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Say a news website has news categories such as Politics, Business, Society, Education, Health, Tech, Celebrity, Lifestyle, ... etc. The number of categories may be more than 20. New categories may be added; existing categories may be deleted.

If a registered member has no desire to see the news of a certain categories, he/she should be able to block those news so that those news don't show up in the news list on the homepage. This will only affect himself/herself, of course. Other members have their own preferences.

Each member can visit the Manage News Categories page to block/unblock news categories. The page will contain a HTML <form> with <input type="checkbox">s of news categories.

What's the most performant database design for such a feature?

I'm currently not an expert of database design. My initial thought is creating an associative table called "member_category_map" and associate it with the "members" table and the "categories" table.

Not sure if I'm being naive, but I'm worrying that the "member_category_map" table might end up containing too much data. Assuming that there are 20 categories and each member only blocks 1 category. If there are 2,000,000 members, then the "member_category_map" would contain 2,000,000 * 19 = 38,000,000 data. I don't know if that's good for performance.

Advices are much appreciated. Thanks.

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You need four tables:

User            Category           Article                  Pivot
+----+-----     +----+-------+     +----+--------+-----     +---------+--------+
| id | ...      | id | title |     | id | cat_id | ...      | user_id | cat_id |
+----+-----     +----+-------+     +----+--------+-----     +---------+--------+

Table Pivot is standing for M:N relation and contains the subscription pairs user:category. Each user can have 0..n categories subscribed and each category can be subscribed by 0..m users. To fetch articles accordingly to the user's subscriptions you need to use JOINs like that:

SELECT u.name  AS UserName
     , c.title AS Category
     , a.id    AS ArticleID
     , a.title AS ArticleTitle
     , a.date  AS ArticleDate
     , a.url   AS ArticleLink
     -- everything you need 
  FROM user      AS u
  JOIN pivot     AS p  ON p.user_id = u.id     -- pivot to user first
  JOIN articles  AS a  ON a.cat_id = p.cat_id  -- articles and
  JOIN category  AS c  ON c.id = p.cat_id      -- categories to pivot then
 WHERE u.id = 12345
 ORDER BY a.date DESC
 LIMIT 10
;

For the best performance you need to index tables by the columns used by the query:
user should have the primary Key (id)
article should have the multicolumn key (id, cat_id, date)
pivot should have the multicolumn primary key (user_id, cat_id) with FKeys to the corresponding tables.

  • Thanks. You mentioned that article should have the multicolumn key.... I guess you mean "multicolumn primary key"? I don't quite understand why article needs multicolumn primary key, since it already has id column (which can be the primary key). Could you please explain? – Ian Y. Jan 28 at 14:14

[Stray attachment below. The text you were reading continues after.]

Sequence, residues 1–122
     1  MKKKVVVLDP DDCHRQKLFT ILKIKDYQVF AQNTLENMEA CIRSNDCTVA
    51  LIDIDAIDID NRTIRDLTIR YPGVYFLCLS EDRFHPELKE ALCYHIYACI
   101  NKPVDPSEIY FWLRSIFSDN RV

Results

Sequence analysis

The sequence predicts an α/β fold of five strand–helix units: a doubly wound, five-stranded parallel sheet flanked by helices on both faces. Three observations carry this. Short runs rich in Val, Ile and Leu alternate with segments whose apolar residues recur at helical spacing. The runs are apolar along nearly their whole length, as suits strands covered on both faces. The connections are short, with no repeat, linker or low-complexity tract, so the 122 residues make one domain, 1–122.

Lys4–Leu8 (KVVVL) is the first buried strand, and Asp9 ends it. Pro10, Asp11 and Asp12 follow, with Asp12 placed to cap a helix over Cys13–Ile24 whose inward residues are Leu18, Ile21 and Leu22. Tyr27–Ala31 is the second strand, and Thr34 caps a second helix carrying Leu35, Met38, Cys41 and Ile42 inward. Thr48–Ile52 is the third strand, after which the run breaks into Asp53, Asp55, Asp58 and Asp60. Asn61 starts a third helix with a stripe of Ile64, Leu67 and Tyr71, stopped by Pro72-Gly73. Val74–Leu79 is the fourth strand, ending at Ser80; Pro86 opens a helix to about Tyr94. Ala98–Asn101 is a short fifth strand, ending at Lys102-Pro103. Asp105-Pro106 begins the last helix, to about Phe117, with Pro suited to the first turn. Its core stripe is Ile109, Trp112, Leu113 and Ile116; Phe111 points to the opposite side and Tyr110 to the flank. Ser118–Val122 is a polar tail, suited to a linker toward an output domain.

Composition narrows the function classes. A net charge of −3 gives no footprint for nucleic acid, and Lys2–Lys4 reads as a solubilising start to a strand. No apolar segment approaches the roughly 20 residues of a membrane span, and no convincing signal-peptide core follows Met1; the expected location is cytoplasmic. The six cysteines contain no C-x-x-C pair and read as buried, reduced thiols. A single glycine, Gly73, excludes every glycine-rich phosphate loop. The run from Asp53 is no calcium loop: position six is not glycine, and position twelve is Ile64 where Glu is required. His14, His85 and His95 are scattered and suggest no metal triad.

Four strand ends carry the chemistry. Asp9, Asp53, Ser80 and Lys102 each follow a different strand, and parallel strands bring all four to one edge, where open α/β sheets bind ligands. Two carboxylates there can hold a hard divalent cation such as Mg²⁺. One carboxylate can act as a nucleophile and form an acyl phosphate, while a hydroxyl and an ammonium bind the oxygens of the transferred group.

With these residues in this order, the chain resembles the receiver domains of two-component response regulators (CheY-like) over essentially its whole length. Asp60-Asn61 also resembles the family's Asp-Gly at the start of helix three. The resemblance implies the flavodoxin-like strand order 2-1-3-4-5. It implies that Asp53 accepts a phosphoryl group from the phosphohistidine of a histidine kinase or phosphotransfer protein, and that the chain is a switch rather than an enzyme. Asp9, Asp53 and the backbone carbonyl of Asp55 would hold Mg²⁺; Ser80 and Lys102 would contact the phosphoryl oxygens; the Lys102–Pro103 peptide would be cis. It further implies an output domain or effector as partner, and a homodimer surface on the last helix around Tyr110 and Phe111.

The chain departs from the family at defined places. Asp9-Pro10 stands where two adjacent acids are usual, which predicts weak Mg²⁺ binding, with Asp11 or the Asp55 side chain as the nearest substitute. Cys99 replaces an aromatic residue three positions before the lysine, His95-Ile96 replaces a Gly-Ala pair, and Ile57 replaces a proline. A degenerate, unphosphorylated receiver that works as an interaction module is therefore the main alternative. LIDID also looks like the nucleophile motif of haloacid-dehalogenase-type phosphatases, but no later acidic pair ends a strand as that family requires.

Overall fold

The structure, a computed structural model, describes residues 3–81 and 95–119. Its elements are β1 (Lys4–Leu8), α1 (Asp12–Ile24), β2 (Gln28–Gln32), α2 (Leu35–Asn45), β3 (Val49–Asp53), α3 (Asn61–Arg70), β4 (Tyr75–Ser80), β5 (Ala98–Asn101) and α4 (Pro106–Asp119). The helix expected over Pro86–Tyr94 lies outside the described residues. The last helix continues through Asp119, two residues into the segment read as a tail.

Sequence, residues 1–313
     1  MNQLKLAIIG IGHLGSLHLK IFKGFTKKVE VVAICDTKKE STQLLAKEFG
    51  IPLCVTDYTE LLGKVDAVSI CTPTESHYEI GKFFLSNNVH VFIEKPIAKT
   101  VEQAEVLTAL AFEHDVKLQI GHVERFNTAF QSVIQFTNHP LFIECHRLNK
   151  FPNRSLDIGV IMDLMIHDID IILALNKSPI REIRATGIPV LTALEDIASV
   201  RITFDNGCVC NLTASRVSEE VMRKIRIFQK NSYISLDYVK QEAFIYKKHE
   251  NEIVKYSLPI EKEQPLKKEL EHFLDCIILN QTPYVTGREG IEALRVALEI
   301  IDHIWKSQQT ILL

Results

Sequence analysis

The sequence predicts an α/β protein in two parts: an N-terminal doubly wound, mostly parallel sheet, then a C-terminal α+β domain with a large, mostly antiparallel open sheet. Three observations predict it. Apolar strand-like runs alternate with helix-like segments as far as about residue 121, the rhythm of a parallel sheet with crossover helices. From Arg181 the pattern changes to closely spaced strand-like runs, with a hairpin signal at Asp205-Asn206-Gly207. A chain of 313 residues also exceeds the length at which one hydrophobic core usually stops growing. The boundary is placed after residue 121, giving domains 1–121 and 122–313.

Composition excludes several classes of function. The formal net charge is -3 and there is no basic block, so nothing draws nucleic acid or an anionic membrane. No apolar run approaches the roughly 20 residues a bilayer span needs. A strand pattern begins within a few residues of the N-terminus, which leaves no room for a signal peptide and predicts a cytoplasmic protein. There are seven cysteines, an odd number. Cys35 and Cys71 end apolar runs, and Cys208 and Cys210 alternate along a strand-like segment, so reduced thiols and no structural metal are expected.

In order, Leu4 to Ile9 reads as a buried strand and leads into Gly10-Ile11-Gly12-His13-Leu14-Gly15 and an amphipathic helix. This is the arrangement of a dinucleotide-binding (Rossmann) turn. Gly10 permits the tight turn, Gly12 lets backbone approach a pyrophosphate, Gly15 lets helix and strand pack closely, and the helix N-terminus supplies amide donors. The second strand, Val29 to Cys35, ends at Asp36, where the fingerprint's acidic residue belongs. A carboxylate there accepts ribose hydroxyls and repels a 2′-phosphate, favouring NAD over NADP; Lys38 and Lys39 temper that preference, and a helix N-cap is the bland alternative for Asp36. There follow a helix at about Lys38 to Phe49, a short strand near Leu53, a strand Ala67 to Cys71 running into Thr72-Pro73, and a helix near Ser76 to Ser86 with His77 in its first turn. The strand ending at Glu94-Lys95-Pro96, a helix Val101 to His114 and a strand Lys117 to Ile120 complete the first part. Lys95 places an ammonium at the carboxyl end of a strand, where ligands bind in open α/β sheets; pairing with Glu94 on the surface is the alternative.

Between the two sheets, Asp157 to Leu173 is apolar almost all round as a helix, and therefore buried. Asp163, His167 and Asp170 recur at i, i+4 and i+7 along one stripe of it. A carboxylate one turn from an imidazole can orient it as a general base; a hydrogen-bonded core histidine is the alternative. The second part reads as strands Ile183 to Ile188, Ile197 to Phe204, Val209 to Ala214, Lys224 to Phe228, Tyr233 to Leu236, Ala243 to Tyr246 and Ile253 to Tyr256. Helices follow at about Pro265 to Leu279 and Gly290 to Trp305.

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    @IanY. Multiple columns from the Article table are looked up at the same time when query is performed. Some of them are looked up explicitly like article.date in the WHERE and some are looked up implicitly like article.cat_id in the JOIN..ON clause. The proper key should contain some/most/every column looked up during the query proceeding. Exact key is depend on the data cardinality/density/selectivity. – Kondybas Jan 28 at 14:26
  • Thank you for explaining. I now understand a bit more than before. Would you mind recommending a source/tutorial for further understanding this concept --> "The proper key should contain some/most/every column looked up during the query proceeding. Exact key is depend on the data cardinality/density/selectivity."? – Ian Y. Jan 28 at 15:37
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    Rick James collected a huge pile of the useful info and summarize it a lot. Refer to his page - mysql.rjweb.org – Kondybas Jan 28 at 16:06
  • Thanks for the resource! And also thank you for illustrating the table design with a useful query example. That really helps me understand why the tables/database are designed in that way :) – Ian Y. Jan 28 at 16:18
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My strongest suggestion is...

  • Once you have a few thousand 'users', throw away the schema and start over.

Seriously. After you have experience with your application, you can formulate more specific questions, hence get more specific answers. And you will know what the pain points are.

I have gone through similar things in the past, I have written about them. (Thanks to Kondybas for the mention.)

If you follow those tips, you may be able to postpone the schema rewrite until after 10K users.

  • Thanks Rick. These guides really broaden my horizons :) – Ian Y. Jan 29 at 4:12

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